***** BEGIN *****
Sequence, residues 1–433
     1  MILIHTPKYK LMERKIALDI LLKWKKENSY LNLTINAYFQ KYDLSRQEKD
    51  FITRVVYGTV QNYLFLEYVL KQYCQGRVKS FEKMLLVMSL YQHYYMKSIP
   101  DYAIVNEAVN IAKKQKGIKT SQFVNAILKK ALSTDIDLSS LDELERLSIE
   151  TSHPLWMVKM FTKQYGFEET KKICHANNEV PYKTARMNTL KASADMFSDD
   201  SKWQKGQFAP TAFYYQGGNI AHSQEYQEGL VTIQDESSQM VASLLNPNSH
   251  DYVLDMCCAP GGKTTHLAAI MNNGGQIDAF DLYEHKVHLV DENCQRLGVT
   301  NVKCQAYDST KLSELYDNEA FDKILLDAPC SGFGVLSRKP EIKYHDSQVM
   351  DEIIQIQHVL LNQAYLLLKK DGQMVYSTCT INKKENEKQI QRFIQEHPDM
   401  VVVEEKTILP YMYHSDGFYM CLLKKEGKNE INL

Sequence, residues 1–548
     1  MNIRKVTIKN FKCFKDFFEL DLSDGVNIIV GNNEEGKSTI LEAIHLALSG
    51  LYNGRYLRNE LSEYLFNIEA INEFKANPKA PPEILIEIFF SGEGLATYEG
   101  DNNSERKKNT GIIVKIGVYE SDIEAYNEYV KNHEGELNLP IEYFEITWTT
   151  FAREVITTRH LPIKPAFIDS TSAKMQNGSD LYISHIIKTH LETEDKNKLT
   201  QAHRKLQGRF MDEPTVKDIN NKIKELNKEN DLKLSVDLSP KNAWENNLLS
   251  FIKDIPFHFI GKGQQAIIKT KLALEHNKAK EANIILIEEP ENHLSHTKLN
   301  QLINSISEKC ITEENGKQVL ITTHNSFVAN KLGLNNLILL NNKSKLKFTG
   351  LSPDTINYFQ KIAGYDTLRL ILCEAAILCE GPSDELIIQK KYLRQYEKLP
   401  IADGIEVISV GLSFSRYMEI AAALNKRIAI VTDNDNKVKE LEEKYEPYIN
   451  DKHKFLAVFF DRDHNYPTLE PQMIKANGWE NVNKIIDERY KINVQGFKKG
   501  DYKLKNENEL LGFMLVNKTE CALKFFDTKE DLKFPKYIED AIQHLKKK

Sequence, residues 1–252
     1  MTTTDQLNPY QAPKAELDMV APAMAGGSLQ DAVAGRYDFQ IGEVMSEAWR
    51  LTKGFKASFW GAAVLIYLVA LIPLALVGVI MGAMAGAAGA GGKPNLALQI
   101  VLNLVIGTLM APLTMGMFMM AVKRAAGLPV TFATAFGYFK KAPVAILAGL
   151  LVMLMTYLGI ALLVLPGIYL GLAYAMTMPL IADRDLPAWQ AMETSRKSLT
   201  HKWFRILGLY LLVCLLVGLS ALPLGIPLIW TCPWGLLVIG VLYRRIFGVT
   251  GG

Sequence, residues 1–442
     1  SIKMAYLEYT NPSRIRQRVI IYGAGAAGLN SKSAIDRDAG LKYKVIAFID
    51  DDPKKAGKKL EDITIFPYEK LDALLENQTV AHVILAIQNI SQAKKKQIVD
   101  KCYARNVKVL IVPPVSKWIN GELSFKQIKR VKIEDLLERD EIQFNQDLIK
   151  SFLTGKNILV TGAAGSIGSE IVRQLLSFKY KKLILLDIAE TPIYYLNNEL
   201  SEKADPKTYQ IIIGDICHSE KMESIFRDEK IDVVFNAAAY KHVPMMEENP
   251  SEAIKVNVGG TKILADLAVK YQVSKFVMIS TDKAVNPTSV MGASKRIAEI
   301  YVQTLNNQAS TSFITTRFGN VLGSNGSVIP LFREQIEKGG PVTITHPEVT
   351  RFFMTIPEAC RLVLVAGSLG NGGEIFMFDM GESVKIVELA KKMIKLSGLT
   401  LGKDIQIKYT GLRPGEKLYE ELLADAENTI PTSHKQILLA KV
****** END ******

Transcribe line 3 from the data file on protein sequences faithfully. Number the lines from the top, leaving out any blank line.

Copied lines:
    51  FITRVVYGTV QNYLFLEYVL KQYCQGRVKS FEKMLLVMSL YQHYYMKSIP